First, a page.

Harper's belief in climate change was clearly spelled out as recently as this summer when he spent several days in Canada's North promoting the government's Arctic sovereignty plans. 

In one speech, the PM gave the signal that climate change was a reality and actually cited climate change as a reason for the need for an increased military presence in the North. 

"The Northwest Passage is becoming more accessible every year," Harper said. "Some scientists even predict it will be open to year-round shipping within a decade."

NDP Leader Jack Layton has had a number of conversations with the prime minister where he raised the issue of climate change. 

In fact, in the first meeting the two men had weeks after last year's election, Layton gave Harper a copy of Tim Flannery's The Weathermakers, which is described as a global call to arms against climate change. 

When asked by PoliticsWatch Tuesday if he agreed with Dion's characterization of the prime minister as a climate change denier, Layton would not go that far.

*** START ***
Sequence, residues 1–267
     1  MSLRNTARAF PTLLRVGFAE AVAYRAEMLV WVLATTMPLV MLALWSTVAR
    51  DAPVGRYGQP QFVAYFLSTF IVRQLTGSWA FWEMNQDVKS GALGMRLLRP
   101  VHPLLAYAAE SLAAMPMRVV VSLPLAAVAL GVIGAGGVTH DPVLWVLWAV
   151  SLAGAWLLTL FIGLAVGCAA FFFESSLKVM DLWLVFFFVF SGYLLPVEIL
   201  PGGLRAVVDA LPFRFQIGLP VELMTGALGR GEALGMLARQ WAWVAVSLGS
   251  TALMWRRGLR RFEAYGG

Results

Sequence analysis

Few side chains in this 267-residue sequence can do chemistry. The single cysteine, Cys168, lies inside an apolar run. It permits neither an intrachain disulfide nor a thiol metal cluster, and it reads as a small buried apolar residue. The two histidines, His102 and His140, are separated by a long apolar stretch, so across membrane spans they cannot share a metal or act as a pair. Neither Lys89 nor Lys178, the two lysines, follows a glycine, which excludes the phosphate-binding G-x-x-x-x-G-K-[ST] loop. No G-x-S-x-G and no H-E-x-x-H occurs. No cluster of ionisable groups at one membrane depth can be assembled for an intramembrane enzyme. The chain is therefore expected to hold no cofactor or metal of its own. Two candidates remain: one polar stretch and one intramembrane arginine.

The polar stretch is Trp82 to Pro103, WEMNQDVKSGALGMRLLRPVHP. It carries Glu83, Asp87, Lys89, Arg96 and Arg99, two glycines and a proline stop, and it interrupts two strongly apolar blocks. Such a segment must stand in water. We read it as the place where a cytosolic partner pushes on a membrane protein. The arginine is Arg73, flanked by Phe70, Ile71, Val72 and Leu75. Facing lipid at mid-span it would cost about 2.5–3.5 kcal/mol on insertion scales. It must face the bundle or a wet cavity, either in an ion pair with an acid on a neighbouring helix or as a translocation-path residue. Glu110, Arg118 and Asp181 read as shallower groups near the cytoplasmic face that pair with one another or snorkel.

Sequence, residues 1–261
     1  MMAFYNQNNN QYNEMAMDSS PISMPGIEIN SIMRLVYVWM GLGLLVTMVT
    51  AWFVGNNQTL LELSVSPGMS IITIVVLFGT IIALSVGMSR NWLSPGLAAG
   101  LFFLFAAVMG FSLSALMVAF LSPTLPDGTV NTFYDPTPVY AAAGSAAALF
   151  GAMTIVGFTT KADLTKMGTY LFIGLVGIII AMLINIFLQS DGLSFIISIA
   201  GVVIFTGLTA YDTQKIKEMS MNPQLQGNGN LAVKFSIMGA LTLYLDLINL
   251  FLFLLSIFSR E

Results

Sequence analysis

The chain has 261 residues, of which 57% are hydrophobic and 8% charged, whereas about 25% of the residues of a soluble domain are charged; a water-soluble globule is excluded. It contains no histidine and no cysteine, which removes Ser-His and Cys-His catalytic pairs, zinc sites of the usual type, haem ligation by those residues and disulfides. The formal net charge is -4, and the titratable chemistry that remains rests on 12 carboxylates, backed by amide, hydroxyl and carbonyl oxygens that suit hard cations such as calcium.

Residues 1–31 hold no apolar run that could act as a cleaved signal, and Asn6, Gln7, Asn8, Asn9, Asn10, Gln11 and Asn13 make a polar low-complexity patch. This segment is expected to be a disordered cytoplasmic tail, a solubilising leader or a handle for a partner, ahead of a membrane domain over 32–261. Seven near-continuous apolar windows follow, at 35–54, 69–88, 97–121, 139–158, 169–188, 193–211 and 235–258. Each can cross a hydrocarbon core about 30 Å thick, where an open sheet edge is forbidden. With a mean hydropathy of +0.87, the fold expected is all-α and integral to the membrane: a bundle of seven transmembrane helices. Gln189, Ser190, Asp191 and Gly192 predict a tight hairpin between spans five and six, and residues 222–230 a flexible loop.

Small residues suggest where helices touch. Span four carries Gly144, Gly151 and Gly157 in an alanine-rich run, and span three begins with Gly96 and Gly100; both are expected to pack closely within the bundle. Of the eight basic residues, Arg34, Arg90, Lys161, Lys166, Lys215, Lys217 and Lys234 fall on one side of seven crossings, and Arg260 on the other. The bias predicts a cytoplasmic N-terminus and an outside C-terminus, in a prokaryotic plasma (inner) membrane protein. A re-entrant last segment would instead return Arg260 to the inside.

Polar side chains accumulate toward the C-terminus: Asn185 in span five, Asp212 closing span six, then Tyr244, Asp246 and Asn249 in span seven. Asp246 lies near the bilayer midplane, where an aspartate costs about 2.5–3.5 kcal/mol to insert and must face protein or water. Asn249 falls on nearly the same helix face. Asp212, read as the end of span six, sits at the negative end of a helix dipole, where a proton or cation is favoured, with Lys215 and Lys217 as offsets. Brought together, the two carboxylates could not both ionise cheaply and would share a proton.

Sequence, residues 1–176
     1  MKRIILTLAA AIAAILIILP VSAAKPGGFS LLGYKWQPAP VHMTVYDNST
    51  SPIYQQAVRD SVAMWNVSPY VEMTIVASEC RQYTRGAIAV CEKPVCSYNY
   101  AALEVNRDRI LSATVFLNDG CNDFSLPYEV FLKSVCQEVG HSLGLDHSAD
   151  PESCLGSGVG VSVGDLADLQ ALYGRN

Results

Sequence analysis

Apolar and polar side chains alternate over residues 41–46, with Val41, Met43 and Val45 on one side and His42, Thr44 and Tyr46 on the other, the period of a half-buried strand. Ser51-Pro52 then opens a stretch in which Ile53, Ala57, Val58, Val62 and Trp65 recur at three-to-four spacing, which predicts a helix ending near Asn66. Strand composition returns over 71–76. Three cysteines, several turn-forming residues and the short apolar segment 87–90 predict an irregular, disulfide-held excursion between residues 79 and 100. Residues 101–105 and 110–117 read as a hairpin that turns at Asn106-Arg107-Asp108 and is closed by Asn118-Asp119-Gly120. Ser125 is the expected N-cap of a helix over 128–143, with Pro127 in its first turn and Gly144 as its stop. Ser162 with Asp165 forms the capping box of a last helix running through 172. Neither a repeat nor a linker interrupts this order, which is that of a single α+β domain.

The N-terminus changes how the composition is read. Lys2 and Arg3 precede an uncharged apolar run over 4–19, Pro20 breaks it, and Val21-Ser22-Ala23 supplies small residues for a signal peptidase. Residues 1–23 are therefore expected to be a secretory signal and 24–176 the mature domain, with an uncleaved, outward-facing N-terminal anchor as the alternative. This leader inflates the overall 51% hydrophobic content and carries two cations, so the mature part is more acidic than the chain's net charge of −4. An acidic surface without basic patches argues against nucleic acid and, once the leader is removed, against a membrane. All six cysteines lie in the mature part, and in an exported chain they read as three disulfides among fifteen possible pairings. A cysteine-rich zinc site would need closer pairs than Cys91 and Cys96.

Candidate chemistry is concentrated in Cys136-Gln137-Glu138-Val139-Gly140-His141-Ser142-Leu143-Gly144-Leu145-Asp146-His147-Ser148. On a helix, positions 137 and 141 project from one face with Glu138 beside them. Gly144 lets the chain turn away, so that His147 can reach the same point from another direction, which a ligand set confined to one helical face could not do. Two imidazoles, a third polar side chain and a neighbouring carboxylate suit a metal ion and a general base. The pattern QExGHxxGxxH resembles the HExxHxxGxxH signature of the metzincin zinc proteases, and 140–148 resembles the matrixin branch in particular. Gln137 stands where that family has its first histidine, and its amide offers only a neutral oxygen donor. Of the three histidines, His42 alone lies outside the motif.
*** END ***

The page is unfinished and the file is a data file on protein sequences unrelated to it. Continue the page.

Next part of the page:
"What I have said is that I don’t believe that the prime minister understands the seriousness or the urgency of the issue," Layton said after question period. "There has been no indication of dramatic action. We have wasted 12 months."

Harper may have stopped questioning the science of climate change, but his criticism of the Kyoto protocol to reduce greenhouse gas emissions remains in place. 

Earlier this month, Harper said in a television Canada will be 50 per cent over its Kyoto targets come 2012 and suggested there's not much that will change that. 

"We can't tell the Canadian population to heat their home one-third less of the time ... so we've got a major challenge, and we are going to get on with it," Harper told CTV.